More than many other breeds, Cocker Spaniels tend to attach themselves to someone in the home and become very anxious when they leave. Many breeders recommend that Cocker Spaniels aren't a good choice for those households that are empty for the majority of the day, but even in those cases where a member of the family works from home, a Cocker could become abnormally upset during an absence - after all, even those working from home must leave the house from time to time! It is important to note that not every Cocker Spaniel will have this problem, but if your Cocker becomes unnaturally upset when left alone and exhibits destructive behavior, he might be suffering from Separation Anxiety.
What is separation anxiety?
First, it is important to understand that separation anxiety is not the dog's way of getting back at being left alone, nor is it a manifestation of love for his owner. Instead, separation anxiety is a panic disorder. It won't occur in every dog, or in every Cocker Spaniel, but some factors early in its life might help increase the risk in developing separation anxiety if the dog is predisposed to become unnaturally dependent. Puppies that are weaned too early or miss out on proper socialization could develop SA, while some dogs with abusive histories could develop it as well. It can occur in multi-pet homes, and it could happen later in a dog's life if the owners' schedules have drastically changed or the household has moved.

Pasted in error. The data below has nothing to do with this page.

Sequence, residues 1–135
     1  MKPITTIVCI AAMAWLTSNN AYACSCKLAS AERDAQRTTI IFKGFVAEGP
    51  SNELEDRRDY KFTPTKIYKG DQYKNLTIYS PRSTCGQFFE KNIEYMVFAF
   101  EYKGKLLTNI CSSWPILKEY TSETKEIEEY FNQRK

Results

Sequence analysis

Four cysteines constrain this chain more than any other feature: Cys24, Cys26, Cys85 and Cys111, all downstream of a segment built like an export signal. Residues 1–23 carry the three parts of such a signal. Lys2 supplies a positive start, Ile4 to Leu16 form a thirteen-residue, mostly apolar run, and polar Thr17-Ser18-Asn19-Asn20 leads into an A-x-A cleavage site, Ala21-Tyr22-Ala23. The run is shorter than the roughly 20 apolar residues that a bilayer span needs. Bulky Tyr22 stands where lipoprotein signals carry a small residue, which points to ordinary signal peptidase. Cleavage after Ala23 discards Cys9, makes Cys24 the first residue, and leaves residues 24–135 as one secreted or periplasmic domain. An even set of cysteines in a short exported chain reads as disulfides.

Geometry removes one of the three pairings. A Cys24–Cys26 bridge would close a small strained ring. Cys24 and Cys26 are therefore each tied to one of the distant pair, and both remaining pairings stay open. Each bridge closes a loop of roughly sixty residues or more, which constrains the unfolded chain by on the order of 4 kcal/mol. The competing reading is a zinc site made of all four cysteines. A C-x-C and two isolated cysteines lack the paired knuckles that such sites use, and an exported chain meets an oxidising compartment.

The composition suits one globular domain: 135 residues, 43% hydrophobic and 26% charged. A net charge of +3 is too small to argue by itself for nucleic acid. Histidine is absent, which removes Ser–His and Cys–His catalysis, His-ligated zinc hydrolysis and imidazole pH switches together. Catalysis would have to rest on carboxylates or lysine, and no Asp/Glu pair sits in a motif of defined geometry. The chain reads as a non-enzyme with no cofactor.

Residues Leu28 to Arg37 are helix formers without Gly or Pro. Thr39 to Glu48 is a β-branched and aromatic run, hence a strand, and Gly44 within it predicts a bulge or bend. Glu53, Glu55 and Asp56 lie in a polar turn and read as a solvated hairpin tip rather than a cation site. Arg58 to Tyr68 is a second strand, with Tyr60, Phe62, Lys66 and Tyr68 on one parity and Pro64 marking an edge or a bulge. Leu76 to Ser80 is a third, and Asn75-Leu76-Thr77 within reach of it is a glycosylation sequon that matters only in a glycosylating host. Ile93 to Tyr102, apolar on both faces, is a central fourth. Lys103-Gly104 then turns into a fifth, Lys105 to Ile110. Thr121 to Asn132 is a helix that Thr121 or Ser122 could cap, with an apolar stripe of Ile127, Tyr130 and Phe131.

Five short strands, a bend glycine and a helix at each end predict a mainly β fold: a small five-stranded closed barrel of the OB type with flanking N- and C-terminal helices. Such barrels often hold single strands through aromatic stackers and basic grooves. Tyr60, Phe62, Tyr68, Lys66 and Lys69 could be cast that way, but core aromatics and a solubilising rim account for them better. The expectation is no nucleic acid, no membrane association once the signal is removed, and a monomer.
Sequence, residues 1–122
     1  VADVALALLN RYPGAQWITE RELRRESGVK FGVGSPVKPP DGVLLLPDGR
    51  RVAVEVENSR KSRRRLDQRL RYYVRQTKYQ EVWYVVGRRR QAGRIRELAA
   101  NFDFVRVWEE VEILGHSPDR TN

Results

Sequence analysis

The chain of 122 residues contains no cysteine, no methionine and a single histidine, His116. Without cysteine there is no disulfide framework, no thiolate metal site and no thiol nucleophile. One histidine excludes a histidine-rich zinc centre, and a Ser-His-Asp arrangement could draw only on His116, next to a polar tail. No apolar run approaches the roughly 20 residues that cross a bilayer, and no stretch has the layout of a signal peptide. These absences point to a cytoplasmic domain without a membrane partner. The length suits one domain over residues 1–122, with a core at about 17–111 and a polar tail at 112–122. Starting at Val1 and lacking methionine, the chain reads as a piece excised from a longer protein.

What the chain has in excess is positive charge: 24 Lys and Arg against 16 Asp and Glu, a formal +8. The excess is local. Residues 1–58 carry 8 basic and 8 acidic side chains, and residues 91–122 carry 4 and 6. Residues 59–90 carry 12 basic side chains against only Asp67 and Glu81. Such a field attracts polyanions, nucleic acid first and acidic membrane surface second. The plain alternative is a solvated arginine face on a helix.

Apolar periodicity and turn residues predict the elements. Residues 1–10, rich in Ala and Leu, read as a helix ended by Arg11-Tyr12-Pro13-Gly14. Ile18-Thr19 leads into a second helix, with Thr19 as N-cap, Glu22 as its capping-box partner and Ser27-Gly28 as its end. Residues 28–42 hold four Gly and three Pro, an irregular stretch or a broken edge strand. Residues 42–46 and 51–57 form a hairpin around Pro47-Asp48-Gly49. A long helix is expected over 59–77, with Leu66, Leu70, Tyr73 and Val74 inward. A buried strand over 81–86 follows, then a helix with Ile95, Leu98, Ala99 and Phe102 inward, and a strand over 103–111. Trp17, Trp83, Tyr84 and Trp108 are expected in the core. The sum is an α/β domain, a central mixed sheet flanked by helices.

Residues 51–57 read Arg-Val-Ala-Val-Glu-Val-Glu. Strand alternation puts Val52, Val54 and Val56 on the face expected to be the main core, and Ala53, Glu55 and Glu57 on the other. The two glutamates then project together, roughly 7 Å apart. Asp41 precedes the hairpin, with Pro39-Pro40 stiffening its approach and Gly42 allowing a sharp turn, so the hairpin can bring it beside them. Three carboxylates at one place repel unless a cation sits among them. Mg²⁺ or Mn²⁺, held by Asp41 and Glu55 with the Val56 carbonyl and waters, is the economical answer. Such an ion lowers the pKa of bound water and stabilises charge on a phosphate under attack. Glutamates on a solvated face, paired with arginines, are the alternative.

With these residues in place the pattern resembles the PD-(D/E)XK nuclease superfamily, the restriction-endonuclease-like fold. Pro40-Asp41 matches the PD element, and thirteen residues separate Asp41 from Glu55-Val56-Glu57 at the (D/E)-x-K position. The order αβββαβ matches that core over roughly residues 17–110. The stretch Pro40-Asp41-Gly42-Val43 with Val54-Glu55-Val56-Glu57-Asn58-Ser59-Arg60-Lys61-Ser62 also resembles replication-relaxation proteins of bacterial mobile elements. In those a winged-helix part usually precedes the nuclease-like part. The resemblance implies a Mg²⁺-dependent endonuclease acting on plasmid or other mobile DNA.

Separation anxiety can manifest itself in a number of ways. In very mild cases, a dog might gather a few of his owner's possessions and curl up with them, or rearrange some items around the house in order to relieve some of the mental tension. In the worst cases, the dog may panic if he can't even see his owner, following her from room to room. Other dogs may be able to amuse themselves on their own as long as they know the owner is still in the house. Some dogs may become anxious the moment the owner leaves the house, while others will be calm for a certain amount of time and begin to feel anxiety after a certain period of time.
Once the dog begins to panic, he can express it in many different ways, from whining and pacing to barking and howling. Some dogs will urinate or defecate, others will destroy items in the home, and some may even hurt themselves. When the owner comes back, these dogs usually have an overexcited response such as running in circles, whining or urinating, and this behavior sometimes lasts an unnaturally long time, whether the owner has been gone for an hour or five minutes.
What can you do?
If you suspect that your Cocker Spaniel is suffering from separation anxiety, the first thing to do is to consult your veterinarian. The vet may wish to run a few tests first to determine that the dog isn't suffering from any medical problems such as a urinary tract infection or a thyroid problem. The vet may suggest starting a regimen of anti-anxiety medication and behavioral modification exercises. For those that are concerned about medicating their pets, there are also herbal remedies available that you can try. Your vet may be able to give you some exercises you can do with your dog, or refer you to a pet behaviorist or a trainer that can help you. While the medication will help calm your dog and help him to concentrate, it is the exercises that will retrain the dog to have normal responses while you are out of the house.
Always remember that your dog isn't trying to exact revenge on being left alone. Punishing him will only increase his anxiety and confuse him. Consult your vet and do the best you can to help your dog. Separation anxiety can be frustrating for everyone involved, but with proper training and patience this disorder can be dramatically improved.